• Case Attrition of Sexual Violence Offenses: Empirical Findings

      Wood, Darryl S.; Rosay, André B. (University of Alaska Anchorage Justice Center, 2009-02)
      This report examined the legal resolutions for 1,184 contact sexual violence cases reported to Alaska State Troopers in 2003 and 2004, and excluded results from other law enforcement agencies. We determined whether cases were founded with an identifiable suspect, were referred to the Alaska Department of Law for prosecution, were accepted for prosecution, and if the case resulted in a conviction. We only examined whether any conviction on any charge was obtained. In some cases, the conviction may be for a non-sexual offense. * Seventy-five percent of cases were founded with at least one identifiable suspect, 51% of founded cases were referred to the Alaska Department of Law for prosecution, 60% of referred cases were accepted for prosecution, and 80% of accepted cases resulted in a conviction on at least one charge. The greatest point of attrition was from the founding to the referral decision. * For the most part, cases of Alaska Native victims were as likely, or even more likely, to be processed by the criminal justice system relative to the cases of non-Native victims. * Cases of sexual violence in the most rural portions of Alaska had an equal or greater chance of being subject to legal sanction when compared with cases from Alaska's less rural areas, and were as likely or more likely to receive full enforcement and prosecution. Unfortunately, the percentage of founded cases that resulted in a conviction never exceeded 30%.
    • Sexual Assaults Reported to Alaska State Troopers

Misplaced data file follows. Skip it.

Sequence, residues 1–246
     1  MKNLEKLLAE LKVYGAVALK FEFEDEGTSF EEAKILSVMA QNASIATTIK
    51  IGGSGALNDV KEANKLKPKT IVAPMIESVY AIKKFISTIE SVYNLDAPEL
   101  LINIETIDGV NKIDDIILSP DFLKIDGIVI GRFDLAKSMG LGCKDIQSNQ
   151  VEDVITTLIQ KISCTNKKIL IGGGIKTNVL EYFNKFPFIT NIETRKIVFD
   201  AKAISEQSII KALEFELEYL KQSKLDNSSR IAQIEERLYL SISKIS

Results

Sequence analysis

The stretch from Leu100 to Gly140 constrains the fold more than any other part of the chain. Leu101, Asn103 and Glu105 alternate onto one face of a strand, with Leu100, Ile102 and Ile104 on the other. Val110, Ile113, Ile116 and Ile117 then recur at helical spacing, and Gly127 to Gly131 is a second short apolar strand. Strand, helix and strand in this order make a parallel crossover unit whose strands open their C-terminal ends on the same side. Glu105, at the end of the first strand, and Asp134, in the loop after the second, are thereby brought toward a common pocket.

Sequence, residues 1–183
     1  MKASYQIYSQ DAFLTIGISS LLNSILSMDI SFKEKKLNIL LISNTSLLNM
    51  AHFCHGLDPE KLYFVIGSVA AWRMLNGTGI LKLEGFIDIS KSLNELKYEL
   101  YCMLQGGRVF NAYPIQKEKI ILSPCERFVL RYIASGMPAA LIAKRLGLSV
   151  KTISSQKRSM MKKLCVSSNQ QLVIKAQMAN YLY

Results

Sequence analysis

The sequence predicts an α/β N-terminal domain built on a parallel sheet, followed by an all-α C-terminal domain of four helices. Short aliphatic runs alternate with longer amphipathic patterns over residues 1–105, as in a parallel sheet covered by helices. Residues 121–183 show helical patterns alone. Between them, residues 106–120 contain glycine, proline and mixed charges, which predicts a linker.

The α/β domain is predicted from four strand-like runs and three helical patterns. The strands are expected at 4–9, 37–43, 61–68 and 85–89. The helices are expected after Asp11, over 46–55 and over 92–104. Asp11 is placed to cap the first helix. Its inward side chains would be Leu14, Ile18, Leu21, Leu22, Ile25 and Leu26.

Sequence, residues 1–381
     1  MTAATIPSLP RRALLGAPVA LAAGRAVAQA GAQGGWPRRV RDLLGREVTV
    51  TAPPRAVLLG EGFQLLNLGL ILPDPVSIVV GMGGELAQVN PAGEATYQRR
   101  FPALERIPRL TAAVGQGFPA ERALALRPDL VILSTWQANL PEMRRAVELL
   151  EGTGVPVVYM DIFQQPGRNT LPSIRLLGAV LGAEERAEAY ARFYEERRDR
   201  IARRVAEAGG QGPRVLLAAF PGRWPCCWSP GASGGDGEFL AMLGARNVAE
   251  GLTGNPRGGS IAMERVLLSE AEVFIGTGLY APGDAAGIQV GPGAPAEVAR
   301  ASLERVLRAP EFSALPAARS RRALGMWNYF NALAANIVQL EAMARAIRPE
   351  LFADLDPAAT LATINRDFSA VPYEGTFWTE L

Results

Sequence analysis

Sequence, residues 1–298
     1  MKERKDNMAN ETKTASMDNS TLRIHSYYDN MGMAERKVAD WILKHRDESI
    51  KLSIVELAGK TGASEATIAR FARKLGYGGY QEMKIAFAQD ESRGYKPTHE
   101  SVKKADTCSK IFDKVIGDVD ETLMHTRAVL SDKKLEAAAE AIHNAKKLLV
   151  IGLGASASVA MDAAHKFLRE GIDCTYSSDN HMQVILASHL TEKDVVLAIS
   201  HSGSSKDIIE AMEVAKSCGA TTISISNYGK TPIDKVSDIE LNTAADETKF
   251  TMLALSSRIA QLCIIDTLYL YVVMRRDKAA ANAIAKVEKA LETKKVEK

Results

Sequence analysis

Rosay, André B.; Postle, Greg; Wood, Darryl S.; TePas, Katherine (University of Alaska Anchorage Justice Center, 2009-02)
      This study examined 989 cases with a sexual assault or sexual abuse of a minor charge reported to Alaska State Troopers in 2003 and 2004, and excluded any sexual assault cases reported to local or municipal departments. * Forty-eight percent of reports came from C Detachment (Western Alaska - Kodiak to Kotzebue), and 58% were reported from communities off the road system. * In 69% of cases, the identity of at least one suspect was known. While most suspects (87%) were adults, most victims (73%) were juveniles. Sixty-one percent of victims were Alaska Native and 38% were White. Intra-racial victimizations were much more prevalent than inter-racial victimizations. The most common suspect was a friend or acquaintance of the victim, followed by a relative. Forty-three percent of suspects and 27% of victims had used alcohol. * Sexual penetration occurred in 60% of assaults. Weapons were very rarely used. Most assaults occurred inside private residences. Nineteen percent of victims experienced general physical pain and 10% suffered bruising or swelling. Most victimizations were reported quickly to Troopers and Troopers were quick to respond. Ninety-six percent of victims were interviewed, with 48% interviewed on the day of the report and 80% interviewed within one week of the report. * Forty-six per cent of reported cases were referred for prosecution, 60% of referred cases were accepted for prosecution, and 80% of accepted cases resulted in a conviction. Overall, however, only 22% of reported cases resulted in a conviction. In some cases, the conviction may be for a non-sexual offense. The highest level of attrition occurred from report to referral.